Posts Tagged The Culling
book review: The Culling
Posted by Amy Steele in Books on January 7, 2014
The Culling by Robert Johnson. Publisher: The Permanent Press (January 7, 2014). Thriller. Hardcover. 336 pages. ISBN 978-1-57962-351-7.
“Although a single, complete virus strand is enough to pass along the infection from one human to another, ideally it would require some 30, 000 individual strands of the virus to ensure transmission. 30, 000—that’s the approximate dosage one might expect if, say, riding for 10 minutes or so in a bus in which an infected passenger has coughed or sneezed. That would ensure transmission best.”
Human beings are destroying the planet. Over-consumption, over-population, over-crowding. Species being destroyed because humans encroach on their natural habitats. People don’t take climate change seriously. There are seven billion people living on Earth, a planet that can manage two billion inhabitants.
In this smart, disturbing thriller author Robert Johnson effectively mixes science and philosophy with alarming results. CDC [Centers for Disease Control] virologist Carl Sims, in the field studying a flu outbreak, discovers a potentially disastrous plot by a rogue group of world-renowned and award-winning scientists to cull two-thirds of the world’s population by releasing a deadly virus that kills two-thirds of those it infects. It’s a dizzying concept filled with conceit, genius and audacity. Isn’t the world heading for self-destruction anyway so why not slow it down some or start anew? These scientists targeted Carl thinking he might be sympathetic to the cause. His late father was a global population control advocate having devised the “Two is Enough” plan. Carl thinks that studying any other infectious disease would be more exciting than being tasked to the influenza virus. Now he might be humanity’s only hope.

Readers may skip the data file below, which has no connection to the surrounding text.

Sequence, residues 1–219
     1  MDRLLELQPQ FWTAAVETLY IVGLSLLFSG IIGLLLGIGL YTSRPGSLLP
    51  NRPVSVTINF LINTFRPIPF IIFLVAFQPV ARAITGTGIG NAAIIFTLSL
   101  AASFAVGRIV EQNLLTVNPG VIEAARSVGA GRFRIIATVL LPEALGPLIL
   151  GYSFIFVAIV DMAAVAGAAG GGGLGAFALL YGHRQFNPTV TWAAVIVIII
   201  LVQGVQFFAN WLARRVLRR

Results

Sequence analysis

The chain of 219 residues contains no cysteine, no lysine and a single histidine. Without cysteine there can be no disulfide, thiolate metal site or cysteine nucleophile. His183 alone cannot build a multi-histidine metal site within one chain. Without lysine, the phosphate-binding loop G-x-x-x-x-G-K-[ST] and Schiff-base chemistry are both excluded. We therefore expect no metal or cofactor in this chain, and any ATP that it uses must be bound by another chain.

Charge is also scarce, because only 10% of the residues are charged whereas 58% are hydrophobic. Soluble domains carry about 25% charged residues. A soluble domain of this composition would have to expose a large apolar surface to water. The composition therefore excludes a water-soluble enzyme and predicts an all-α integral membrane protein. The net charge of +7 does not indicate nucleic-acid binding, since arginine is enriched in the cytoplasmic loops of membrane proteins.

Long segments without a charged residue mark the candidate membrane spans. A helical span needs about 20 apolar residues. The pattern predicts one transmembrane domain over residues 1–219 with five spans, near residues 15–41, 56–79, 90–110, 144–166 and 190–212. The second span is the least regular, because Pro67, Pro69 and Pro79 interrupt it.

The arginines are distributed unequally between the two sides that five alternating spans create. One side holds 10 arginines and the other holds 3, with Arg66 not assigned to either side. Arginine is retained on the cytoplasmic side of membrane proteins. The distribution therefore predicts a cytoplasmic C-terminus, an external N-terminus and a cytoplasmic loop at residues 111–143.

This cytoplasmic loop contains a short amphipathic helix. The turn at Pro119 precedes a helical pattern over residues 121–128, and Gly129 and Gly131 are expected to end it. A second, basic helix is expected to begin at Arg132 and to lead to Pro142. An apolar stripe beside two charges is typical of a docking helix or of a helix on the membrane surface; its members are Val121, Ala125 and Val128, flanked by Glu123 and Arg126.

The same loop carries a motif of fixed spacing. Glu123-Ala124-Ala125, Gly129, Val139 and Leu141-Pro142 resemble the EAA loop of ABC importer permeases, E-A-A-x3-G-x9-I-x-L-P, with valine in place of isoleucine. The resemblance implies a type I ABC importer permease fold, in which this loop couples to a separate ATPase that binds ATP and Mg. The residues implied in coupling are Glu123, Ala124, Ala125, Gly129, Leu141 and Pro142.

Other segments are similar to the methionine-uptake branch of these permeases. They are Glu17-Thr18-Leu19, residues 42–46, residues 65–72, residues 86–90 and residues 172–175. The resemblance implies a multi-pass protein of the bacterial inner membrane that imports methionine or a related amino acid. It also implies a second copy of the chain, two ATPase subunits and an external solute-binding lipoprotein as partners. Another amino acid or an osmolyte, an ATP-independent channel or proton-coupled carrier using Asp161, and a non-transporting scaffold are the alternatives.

Johnson provides fascinating information about how the CDC and WHO [World Health Organization] annually make flu vaccines on a global scale—the research, the projections, the planning, the production. As you wonder how this possible fictional catastrophe will resolve, you’ll find yourself contemplating real life solutions to current environmental concerns with water shortages, ice cap thawing, air pollution and the over-all climate crisis that’s eclipsing our quality of life.
–review by Amy Steele
FTC Disclosure: I received this book for review from The Permanent Press.
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